The International Review of Retail, Distribution and Consumer Research Vol. 20, No. 1, February 2010, 165–173
Fast fashion: response to changes in the fashion industry
Vertica Bhardwaj* and Ann Fairhurst
Retail and Consumer Sciences, The University of Tennessee, Knoxville, USA (Received June 2009; ﬁnal version received October 2009) The fashion apparel industry has signiﬁcantly evolved, particularly over the last 20 years. The changing dynamics of the fashion industry have forced retailers to desire low cost and ﬂexibility in design, quality, and speed to market, key strategies to maintain a proﬁtable position in the increasingly demanding market. This article reviews the literature on changes that have happened in the fashion apparel industry since the 1990s, highlighting the emergence of a concept of ‘throwaway’ or fast fashion. It describes fast fashion from a supplier as well as a consumer’s perspective, and draws attention to several potential research issues. Keywords: fast fashion; supplier; consumer; quick response; fashion season
The fashion apparel industry has signiﬁcantly evolved, particularly over the last 20 years, when the boundaries of the industry started to expand (Djelic and Ainamo 1999). The changing dynamics of the fashion industry since then, such as the fading of mass production, increase in number of fashion seasons, and modiﬁed structural characteristics in the supply chain have forced retailers to desire low cost and ﬂexibility in design, quality, delivery and speed to market (Doyle, Moore, and Morgan 2006). In addition to speed to market and design, marketing and capital investment have also been identiﬁed as the driving forces of competitiveness in the fashion apparel industry (Sinha 2006). Franks (2000) suggested ‘sense and respond’ as the key strategy to maintain a proﬁtable position in the increasingly dynamic and demanding market. A key deﬁning characteristic of rapid responsiveness and greater ﬂexibility, in this context, is to maintain closer relationships between suppliers and buyers (Wheelright and Clark 1992). Looking at the basic structure of the fashion industry until the late 1980s, traditionally fashion apparel retailers used their capability of forecasting consumer demand and fashion trends (known as ready-to-wear) long before the actual time of consumption in order to compete in the market (Guercini 2001). However, recent years have seen fashion retailers compete with others by ensuring speed to market with their ability to provide rapidly the fashion trends revealed by fashion shows and runways. According to Taplin (1999), such retailers could be credited with the adoption of ‘quick fashion’ that is an outcome of an unplanned process on the reduced time gap between designing and consumption on a seasonal basis.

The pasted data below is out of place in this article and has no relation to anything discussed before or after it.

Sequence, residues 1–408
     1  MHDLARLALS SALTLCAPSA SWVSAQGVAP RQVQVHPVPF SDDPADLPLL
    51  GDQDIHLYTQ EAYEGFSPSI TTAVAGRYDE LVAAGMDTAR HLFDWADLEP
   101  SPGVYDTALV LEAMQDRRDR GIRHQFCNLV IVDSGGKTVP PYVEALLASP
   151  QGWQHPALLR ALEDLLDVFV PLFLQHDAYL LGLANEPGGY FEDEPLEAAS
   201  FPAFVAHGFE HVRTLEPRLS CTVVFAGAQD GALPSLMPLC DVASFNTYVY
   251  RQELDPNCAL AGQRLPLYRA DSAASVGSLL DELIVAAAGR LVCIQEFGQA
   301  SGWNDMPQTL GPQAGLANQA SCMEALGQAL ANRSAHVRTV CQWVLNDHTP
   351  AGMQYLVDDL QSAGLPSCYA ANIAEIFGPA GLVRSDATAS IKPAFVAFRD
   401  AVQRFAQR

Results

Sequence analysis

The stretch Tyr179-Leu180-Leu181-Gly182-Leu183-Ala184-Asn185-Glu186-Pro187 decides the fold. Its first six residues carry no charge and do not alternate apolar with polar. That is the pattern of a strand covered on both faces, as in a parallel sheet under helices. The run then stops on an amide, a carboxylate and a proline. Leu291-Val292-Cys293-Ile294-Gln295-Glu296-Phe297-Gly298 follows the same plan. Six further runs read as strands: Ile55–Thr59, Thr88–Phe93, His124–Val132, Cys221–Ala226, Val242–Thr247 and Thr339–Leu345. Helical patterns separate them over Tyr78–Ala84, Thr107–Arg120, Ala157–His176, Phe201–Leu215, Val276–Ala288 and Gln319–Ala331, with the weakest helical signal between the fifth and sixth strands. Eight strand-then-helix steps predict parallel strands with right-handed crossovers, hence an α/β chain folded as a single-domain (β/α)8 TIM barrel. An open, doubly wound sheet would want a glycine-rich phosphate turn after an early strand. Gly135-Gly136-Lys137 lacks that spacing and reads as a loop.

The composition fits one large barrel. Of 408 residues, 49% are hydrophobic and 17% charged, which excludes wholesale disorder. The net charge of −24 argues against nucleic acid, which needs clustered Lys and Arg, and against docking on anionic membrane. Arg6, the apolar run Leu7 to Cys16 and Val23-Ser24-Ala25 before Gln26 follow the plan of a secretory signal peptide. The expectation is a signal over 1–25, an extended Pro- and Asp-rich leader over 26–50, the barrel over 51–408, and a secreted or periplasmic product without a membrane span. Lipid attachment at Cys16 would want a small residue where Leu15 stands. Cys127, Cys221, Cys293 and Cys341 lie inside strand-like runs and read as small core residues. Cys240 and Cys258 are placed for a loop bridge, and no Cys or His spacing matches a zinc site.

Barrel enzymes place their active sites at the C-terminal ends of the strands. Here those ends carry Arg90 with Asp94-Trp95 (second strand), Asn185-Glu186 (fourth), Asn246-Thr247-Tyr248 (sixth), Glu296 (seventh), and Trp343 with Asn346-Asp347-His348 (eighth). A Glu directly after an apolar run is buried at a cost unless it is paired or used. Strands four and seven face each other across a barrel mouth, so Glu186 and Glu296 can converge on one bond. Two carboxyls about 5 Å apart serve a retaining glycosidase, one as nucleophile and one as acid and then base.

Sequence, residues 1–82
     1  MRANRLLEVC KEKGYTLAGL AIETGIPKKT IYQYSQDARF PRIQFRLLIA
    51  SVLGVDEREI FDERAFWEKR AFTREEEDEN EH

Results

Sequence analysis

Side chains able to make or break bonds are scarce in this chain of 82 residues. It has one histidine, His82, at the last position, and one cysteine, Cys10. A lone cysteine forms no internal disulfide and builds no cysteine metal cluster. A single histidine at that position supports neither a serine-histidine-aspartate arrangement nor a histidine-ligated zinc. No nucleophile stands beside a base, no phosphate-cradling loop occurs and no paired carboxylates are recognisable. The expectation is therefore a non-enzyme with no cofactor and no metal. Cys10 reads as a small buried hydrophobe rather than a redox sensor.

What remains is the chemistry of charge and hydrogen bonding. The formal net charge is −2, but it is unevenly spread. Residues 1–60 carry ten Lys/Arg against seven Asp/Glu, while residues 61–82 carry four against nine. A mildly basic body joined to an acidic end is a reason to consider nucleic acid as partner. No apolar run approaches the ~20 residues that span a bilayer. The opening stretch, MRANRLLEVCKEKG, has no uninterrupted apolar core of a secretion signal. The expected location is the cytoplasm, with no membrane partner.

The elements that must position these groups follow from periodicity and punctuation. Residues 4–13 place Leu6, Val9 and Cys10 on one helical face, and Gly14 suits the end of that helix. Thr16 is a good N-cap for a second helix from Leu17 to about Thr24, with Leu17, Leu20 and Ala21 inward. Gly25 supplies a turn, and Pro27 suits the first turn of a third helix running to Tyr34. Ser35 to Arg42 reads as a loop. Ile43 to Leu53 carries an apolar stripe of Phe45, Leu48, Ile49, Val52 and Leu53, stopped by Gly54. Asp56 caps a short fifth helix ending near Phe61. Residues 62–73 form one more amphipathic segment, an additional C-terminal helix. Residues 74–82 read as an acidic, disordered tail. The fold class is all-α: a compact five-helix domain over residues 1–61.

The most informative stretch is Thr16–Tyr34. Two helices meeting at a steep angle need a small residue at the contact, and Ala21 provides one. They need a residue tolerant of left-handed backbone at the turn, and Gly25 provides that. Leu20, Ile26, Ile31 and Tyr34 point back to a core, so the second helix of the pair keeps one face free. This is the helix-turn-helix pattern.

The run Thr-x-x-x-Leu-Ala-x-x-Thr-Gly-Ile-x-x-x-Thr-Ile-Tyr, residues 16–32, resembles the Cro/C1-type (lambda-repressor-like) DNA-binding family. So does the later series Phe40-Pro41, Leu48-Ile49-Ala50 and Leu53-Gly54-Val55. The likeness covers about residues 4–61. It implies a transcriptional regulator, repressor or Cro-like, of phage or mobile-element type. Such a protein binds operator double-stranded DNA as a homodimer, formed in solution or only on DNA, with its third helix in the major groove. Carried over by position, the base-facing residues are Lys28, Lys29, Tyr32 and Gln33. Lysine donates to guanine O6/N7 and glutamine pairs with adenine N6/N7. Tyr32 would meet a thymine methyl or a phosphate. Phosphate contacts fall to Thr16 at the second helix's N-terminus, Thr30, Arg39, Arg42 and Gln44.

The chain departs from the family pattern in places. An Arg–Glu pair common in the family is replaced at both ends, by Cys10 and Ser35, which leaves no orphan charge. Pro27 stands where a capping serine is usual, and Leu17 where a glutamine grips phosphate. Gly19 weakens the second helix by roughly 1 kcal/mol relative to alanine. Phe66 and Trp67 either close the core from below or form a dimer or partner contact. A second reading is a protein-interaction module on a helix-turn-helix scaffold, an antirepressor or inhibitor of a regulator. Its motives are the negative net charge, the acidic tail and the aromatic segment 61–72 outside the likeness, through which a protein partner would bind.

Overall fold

*Corresponding author. Email: firstname.lastname@example.org
ISSN 0959-3969 print/ISSN 1466-4402 online Ó 2010 Taylor & Francis DOI: 10.1080/09593960903498300 http://www.informaworld.com
V. Bhardwaj and A. Fairhurst
Today’s fashion market is highly competitive and the constant need to ‘refresh’ product ranges means that there is an inevitable move by many retailers to extend the number of ‘seasons’, that is, the frequency with which the entire merchandise within a store is changed. With the emergence of small collections of merchandise, fashion retailers are encouraging consumers to visit their stores more frequently with the idea of ‘Here Today, Gone Tomorrow’. This indicates a shorter life cycle and higher proﬁt margins from the sale of fast selling merchandise, skipping the markdown process altogether (Sydney 2008). In addition, desire to have variety and instant gratiﬁcation with price mavenism is motivating consumers to prefer retailers such as Zara and H&M (National Post 2009). Several studies have examined various aspects of the buyer-supplier relationship with quick or fast fashion, such as the apparel design process relative to quick response (Forza and...
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The International Review of Retail, Distribution and Consumer Research
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